How did the Co-Op save £50m on energy bills?

No matter how big or small your business is, making tangible savings on outgoings and overheads is something we all strive for. There are limits though, and some companies are finding that the race to reduce energy use and create a greener, more economical business creates complex business decisions.

Supermarkets are known to be large energy consumers, but recently the Co-Op chain made a surprisingly simple yet effective change to their stores which shaved a cool £50m off their business energy bills.

To make the savings the Co-Op went against the grain for food retailers and began using refrigerators with doors as opposed to the open fridges used by most supermarkets. But the changes haven’t been received with enthusiasm across the supermarket industry. Many of the other leading brands are worried that the sales of chilled products such as milk, cheese and meat will suffer if stored behind closed doors.

The Co-Op rolled out the fridge door policy in 100 of its stores last year and intends on extending it even further in 2013 in an effort to stay ahead of business electricity prices. They claim that sales of refrigerated products are selling as well as ever in all of their branches.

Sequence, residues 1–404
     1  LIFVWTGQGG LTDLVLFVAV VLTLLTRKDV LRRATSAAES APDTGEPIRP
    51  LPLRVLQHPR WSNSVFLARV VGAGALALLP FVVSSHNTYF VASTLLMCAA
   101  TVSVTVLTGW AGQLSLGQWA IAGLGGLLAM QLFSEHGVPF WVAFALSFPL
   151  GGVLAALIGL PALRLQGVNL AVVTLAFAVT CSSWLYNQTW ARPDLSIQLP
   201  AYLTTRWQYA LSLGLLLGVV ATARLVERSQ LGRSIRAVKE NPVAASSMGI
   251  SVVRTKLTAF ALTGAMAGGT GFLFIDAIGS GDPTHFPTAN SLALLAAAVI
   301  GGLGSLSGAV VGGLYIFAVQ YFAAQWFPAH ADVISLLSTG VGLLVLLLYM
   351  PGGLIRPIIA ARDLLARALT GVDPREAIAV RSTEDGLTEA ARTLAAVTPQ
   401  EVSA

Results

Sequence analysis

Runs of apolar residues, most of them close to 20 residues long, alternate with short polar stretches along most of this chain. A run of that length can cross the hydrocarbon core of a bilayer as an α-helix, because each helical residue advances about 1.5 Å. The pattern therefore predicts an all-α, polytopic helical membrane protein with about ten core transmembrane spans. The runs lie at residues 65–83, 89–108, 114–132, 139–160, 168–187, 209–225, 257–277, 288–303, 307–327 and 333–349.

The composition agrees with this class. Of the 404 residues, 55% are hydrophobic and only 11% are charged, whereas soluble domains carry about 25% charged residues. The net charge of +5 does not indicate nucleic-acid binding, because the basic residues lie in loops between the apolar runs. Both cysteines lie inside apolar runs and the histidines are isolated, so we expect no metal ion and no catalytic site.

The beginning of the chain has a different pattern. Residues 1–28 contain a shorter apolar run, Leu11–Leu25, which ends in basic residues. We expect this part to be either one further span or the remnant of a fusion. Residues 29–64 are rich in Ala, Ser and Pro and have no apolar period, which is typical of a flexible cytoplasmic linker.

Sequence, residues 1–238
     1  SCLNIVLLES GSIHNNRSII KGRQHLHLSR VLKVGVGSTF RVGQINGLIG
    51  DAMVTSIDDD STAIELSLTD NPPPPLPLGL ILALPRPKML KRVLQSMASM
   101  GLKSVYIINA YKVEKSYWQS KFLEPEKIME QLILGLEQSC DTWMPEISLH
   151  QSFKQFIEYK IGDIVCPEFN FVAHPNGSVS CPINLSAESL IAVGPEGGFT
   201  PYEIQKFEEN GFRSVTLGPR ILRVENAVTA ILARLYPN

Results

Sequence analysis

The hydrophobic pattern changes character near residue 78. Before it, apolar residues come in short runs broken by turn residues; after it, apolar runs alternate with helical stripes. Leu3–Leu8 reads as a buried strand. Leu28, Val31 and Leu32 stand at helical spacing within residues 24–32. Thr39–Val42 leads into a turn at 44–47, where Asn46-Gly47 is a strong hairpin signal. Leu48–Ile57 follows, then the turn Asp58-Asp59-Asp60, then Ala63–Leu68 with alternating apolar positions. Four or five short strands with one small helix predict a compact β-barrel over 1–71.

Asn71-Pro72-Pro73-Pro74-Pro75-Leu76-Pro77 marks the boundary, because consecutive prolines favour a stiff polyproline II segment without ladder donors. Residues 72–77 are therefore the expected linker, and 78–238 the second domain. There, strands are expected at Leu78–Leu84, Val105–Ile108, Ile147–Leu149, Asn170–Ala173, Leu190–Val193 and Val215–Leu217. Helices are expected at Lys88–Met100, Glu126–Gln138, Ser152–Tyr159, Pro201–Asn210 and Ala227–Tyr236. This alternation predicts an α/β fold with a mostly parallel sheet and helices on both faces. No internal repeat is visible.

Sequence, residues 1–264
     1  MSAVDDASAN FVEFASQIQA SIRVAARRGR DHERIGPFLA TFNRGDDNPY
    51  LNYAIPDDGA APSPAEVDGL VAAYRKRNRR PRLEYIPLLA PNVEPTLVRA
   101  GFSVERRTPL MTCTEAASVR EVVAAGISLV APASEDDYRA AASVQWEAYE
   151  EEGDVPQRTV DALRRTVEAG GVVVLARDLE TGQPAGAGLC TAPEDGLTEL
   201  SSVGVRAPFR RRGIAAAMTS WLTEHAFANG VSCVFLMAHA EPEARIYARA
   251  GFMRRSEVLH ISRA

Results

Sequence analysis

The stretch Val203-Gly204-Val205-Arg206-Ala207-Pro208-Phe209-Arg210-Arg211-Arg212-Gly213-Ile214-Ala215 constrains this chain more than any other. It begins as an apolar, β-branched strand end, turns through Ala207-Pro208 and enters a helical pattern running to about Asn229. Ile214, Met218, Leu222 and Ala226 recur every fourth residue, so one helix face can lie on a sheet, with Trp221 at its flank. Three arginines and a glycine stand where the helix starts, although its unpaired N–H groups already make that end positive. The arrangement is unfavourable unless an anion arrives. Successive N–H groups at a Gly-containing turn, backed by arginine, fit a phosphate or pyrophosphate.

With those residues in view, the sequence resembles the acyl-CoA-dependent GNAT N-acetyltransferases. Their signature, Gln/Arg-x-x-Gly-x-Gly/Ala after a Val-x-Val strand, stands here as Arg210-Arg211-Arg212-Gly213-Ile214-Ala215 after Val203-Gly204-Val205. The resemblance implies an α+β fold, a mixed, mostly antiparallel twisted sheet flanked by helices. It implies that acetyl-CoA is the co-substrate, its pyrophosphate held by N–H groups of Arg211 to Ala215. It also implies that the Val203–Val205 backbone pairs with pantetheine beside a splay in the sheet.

Not all supermarkets are ignoring the Co-Op’s success. A small number are planning on giving the fridge door policy a trial, including Sainsbury’s who plan to install the doors in 6 of their 1000 stores nationally. Tesco’s are also introducing the policy in their smaller Express stores.

The energy-saving move isn’t limited to the UK either. French food stores are way ahead and Supermarkets in the country have agreed a deal to fit fridge doors in 75% of their stores nationwide – a move that will reduce the country’s electricity use by a staggering 1%[1]

Read our energy-saving guide for retailers for tips on simple ways to get started with your own energy-saving projects:



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